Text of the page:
Vincent Peng, Huawei’s president for Western Europe, told me earlier this year that even though Huawei has built its own operating system for smartphones to replace Google’s Android, which Huawei has used for years, the company wanted to postpone rolling it out for as long as possible. A global split in technological standards in telecom “would be a disaster for the world economy,” Peng said.
Now experts are talking about an all-out “tech war” between the U.S. and China with potentially dangerous outcomes. Yahoo co-founder Jerry Yang at the Bloomberg forum warned of “unintended consequences” that can occur when Washington and Beijing back away from the collaborative nature of their relationship from the past three decades.
“I think the core of innovation is being very severely challenged by the current trend,” Yang said. “We're in danger of going back to the dark ages if we do not standardize, if we do fracture into little pockets of markets that really don't sustain themselves.”
Chinese students turning away from US universities
Another consequence of the trade war is the expected drop in the number of Chinese undergraduate and graduate students in the U.S. There are several factors that are bringing down the number of international students in the U.S., chief among them being the Trump Administration’s anti-immigrant rhetoric, Rachel Banks, director of public policy at NAFSA, an international association of educators, told CNN Business.
NAFSA estimates that the decline in international student enrollment since the fall of 2016 has cost the U.S. economy $11.8 billion and more than 65,000 jobs. Chinese students make up a large share of the international student population in the U.S. More than 360,000 Chinese students went to U.S. universities in the 2017-2018 school year, according to the Institute of International Education. That number is expected to drop in the coming years.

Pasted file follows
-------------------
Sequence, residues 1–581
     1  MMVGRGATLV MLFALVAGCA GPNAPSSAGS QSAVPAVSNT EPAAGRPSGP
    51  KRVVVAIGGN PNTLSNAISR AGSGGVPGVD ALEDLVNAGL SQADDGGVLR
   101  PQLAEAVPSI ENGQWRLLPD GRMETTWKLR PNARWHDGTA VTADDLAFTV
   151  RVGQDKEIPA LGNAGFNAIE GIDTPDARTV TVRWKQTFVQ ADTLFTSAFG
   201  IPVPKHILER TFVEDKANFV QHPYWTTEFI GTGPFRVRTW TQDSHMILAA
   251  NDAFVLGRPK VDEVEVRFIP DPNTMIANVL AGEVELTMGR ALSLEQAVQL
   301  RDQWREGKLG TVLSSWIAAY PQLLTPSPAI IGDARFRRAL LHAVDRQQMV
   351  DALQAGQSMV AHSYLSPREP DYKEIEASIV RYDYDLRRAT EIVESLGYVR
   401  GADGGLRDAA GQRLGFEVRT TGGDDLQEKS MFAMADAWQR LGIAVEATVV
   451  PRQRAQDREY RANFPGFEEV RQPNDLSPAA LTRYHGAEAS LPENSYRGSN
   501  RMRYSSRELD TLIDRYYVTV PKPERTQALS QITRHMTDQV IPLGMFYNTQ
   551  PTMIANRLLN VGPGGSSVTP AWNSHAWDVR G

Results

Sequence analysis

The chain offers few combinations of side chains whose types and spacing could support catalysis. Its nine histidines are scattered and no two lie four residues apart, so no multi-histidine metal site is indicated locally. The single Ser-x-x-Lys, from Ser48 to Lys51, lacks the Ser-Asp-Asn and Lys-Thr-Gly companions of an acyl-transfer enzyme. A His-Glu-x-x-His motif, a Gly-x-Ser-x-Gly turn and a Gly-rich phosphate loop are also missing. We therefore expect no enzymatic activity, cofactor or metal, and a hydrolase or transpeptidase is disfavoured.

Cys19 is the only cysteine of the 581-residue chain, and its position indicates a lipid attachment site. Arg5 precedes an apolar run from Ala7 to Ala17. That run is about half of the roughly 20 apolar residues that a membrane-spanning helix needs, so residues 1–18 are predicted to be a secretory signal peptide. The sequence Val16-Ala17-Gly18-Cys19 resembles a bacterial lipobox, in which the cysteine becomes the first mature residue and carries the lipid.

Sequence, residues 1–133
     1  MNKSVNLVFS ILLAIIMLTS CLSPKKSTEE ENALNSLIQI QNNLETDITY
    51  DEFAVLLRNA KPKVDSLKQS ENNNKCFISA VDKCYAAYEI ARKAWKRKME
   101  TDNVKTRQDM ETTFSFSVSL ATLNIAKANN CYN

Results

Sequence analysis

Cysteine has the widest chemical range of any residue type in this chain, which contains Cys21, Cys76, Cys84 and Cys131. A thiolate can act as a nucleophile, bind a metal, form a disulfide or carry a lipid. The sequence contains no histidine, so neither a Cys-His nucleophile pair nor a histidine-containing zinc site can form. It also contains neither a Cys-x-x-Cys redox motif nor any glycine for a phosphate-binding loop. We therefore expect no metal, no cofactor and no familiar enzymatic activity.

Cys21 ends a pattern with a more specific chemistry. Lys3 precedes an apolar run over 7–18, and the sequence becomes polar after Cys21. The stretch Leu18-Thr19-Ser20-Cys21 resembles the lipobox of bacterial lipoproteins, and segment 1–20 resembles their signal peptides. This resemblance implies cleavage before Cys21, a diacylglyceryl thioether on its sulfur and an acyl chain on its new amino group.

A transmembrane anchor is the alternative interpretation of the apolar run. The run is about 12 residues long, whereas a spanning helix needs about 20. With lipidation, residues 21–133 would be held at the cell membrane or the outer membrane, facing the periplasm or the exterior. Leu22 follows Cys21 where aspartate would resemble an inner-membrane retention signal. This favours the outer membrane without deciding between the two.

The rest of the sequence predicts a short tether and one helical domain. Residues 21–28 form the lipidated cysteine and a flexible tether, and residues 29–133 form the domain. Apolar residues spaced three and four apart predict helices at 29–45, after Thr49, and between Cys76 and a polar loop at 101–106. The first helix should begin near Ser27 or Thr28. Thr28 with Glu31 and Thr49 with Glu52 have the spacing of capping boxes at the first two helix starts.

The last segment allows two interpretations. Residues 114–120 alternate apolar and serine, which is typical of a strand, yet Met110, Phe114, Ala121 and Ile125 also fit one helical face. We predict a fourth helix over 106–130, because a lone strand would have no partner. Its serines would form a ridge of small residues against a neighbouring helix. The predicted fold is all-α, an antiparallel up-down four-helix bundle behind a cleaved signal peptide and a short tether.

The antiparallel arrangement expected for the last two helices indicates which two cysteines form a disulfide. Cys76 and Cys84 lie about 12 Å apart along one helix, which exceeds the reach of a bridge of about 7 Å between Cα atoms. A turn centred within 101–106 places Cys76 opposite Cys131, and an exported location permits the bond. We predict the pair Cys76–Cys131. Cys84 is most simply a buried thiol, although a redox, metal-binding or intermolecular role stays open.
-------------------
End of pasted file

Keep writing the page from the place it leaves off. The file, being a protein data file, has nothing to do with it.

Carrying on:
“The government is heavily encouraging high schools to send their kids elsewhere,” such as to northern Europe and the U.K., says Jiang Xueqin, an education consultant based in Chengdu.
European countries are banking on this trend, which also closely relates to China’s trade and manufacturing ambitions. For example, the U.K. and China have launched an education partnership focused on Asia Pacific and Central and Eastern European nations. The project aims to fund education projects in the field of advanced manufacturing.
During a recent visit to China, French President Emmanuel Macron demonstrated how trade and education are at the top of Europe’s China agenda. Macron traveled to Shanghai with two European officials: the EU commissioner for trade and agriculture and Germany’s education minister.